The Department of Labor (DOL) determined that the Department of Veteran’s Affairs (VA) failed to pay the prevailing wage to eleven alien physicians employed by VA hospitals pursuant to the H-1B visa program.
The H-1B is an employment based nonimmigrant visa that enables United States employers to seek highly skilled foreigner workers from around the world to increase productivity and develop new innovations within their fields. The system was designed to protect both U.S. and foreign workers by: (1) including labor certifications and attestations; (2) implementing costly filing fees; (3) requiring extensive background documentation/proof; and (4) conducting on-site employer investigations and continuous oversight by several federal agencies. Specifically, the program requires that a U.S. employer using the program guarantee that the alien will be paid the prevailing wage or higher for the specialty occupation, and that the foreign professional will not adversely affect the working conditions of U.S. workers.
Unfortunately in this case, several of the alien physicians filed administrative complaints asserting that the hospitals had failed to pay them the prevailing wage for their occupation. The DOL Administrative Review Board ruled in favor of the complainants’ and ordered the VA to pay approximately $230,000 in back wages.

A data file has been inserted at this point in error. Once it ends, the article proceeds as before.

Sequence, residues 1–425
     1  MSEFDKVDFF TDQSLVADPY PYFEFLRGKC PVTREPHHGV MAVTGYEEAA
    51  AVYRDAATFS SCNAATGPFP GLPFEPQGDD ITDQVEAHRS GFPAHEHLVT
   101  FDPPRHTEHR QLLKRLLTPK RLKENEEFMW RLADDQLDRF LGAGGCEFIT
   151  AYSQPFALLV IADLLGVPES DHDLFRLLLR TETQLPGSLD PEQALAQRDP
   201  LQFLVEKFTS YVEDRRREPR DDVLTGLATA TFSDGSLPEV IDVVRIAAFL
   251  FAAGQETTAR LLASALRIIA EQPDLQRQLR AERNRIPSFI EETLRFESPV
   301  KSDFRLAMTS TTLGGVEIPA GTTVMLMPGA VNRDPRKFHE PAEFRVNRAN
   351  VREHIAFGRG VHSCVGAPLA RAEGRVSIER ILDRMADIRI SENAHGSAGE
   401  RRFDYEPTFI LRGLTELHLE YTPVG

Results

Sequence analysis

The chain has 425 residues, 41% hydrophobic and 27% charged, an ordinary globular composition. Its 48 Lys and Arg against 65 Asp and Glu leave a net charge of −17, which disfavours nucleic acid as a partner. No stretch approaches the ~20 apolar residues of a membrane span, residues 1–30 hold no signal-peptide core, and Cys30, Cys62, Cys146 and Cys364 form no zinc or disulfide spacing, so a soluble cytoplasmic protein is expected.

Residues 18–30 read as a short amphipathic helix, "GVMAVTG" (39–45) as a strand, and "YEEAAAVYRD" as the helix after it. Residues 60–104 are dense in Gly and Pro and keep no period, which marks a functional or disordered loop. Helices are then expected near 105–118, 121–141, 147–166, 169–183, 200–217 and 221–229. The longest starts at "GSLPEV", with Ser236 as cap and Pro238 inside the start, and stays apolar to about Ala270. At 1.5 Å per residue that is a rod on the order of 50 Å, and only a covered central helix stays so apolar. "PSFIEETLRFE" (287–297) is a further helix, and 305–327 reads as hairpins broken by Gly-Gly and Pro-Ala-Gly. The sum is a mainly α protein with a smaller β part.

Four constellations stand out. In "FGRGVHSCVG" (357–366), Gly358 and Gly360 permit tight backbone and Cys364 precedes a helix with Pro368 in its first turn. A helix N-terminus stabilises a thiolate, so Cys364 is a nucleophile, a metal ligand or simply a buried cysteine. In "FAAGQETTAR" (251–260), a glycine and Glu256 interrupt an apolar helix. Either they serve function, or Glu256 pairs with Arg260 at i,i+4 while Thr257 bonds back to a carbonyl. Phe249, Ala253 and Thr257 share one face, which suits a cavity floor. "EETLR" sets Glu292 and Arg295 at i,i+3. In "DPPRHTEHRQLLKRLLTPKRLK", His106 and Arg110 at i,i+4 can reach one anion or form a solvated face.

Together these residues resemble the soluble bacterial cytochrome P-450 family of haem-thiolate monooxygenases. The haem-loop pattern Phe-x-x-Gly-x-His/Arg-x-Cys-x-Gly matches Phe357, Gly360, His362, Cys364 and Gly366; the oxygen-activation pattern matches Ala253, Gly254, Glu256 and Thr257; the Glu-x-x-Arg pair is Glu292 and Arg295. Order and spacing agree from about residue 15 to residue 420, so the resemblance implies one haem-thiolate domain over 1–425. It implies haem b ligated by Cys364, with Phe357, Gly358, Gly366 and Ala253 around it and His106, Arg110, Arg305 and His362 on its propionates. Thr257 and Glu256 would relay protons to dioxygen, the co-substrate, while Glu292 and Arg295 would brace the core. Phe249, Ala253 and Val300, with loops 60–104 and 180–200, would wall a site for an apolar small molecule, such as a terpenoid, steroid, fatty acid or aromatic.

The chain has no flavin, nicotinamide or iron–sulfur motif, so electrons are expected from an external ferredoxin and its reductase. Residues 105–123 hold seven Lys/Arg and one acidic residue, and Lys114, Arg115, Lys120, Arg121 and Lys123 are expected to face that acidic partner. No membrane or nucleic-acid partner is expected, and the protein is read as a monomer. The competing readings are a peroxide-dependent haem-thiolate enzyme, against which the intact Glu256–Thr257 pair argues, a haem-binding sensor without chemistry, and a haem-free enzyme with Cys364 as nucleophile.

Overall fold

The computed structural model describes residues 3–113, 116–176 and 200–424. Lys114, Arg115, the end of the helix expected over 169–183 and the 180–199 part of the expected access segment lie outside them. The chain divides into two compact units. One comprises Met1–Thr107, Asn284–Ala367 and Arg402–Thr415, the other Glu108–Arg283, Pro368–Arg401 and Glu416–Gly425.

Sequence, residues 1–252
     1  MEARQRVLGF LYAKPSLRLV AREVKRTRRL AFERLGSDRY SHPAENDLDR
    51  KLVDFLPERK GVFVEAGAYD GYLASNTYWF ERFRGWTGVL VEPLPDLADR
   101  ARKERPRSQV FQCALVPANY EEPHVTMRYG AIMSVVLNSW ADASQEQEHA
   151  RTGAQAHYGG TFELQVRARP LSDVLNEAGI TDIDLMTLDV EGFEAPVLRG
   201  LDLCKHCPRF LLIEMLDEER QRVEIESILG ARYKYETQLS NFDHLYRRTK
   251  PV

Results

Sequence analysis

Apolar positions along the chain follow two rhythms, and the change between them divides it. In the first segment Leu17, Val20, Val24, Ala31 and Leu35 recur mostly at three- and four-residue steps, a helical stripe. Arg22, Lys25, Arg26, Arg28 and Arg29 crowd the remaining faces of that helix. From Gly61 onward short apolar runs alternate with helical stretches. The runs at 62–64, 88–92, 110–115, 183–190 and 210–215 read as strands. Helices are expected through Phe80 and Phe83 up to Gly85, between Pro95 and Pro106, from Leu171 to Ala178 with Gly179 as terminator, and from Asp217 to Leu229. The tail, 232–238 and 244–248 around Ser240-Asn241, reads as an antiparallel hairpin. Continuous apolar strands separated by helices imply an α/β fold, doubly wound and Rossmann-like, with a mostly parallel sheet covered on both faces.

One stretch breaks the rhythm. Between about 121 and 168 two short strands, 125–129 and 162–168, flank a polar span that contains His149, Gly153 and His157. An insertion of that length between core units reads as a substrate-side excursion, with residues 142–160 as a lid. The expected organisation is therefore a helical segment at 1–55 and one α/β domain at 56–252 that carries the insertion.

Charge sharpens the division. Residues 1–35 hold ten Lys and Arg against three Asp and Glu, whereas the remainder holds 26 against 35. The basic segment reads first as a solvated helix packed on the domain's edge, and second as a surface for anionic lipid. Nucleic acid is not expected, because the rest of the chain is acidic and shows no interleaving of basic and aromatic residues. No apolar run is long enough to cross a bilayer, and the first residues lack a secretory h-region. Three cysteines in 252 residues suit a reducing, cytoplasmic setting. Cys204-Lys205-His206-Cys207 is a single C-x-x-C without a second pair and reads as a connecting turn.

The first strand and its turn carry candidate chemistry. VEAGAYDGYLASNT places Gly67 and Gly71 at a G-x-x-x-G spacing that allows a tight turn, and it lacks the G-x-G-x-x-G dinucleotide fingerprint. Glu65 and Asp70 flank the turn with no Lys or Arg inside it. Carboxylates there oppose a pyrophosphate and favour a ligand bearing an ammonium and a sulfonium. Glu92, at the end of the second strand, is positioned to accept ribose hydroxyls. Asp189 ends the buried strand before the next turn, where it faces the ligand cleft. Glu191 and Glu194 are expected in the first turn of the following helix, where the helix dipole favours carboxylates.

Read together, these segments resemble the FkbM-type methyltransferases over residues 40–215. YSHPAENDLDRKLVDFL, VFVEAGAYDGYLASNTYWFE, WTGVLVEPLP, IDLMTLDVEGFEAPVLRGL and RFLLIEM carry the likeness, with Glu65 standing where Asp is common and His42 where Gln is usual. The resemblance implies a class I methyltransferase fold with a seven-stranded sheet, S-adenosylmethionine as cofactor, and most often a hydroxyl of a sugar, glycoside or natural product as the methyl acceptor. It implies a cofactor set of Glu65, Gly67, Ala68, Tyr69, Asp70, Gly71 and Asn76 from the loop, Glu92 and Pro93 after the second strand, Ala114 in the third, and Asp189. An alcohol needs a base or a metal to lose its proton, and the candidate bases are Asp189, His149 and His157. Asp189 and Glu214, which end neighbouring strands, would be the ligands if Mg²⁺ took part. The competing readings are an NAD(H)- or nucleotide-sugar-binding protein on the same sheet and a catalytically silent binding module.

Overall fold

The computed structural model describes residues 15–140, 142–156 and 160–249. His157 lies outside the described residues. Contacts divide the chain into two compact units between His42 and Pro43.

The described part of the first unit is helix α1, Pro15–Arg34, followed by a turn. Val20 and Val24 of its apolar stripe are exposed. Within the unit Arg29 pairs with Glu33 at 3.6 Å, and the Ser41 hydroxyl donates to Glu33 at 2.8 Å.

However, the Supreme Court has recognized that absent a waiver, sovereign immunity shields the Federal Government and its agencies from suit. The Executive Branch has no power to waive immunity that power rests solely with Congress. Congress did not expressly address the federal Government’s sovereign immunity anywhere in the H-1B program. The Supreme Court has demanded a clear statement of waiver so as to ensure that Congress directly considers the consequences of exposing the federal Government to suit and potential financial liability. No statement of waiver was included in the H-1B program .
Accordingly, the Deputy Assistant Attorney General concluded that the statute authorizing the H-1B program did not waive the federal Government’s sovereign immunity. Consequently, the administrative award of $230,000 to the eleven alien workers was barred by sovereign immunity. However, the DOL and VA reached an agreement that will allow the VA to continue participation in the H-1B program if they follow proper procedures for all future alien workers, yet this arrangement does nothing to help the eleven alien physicians rightly owed their back pay.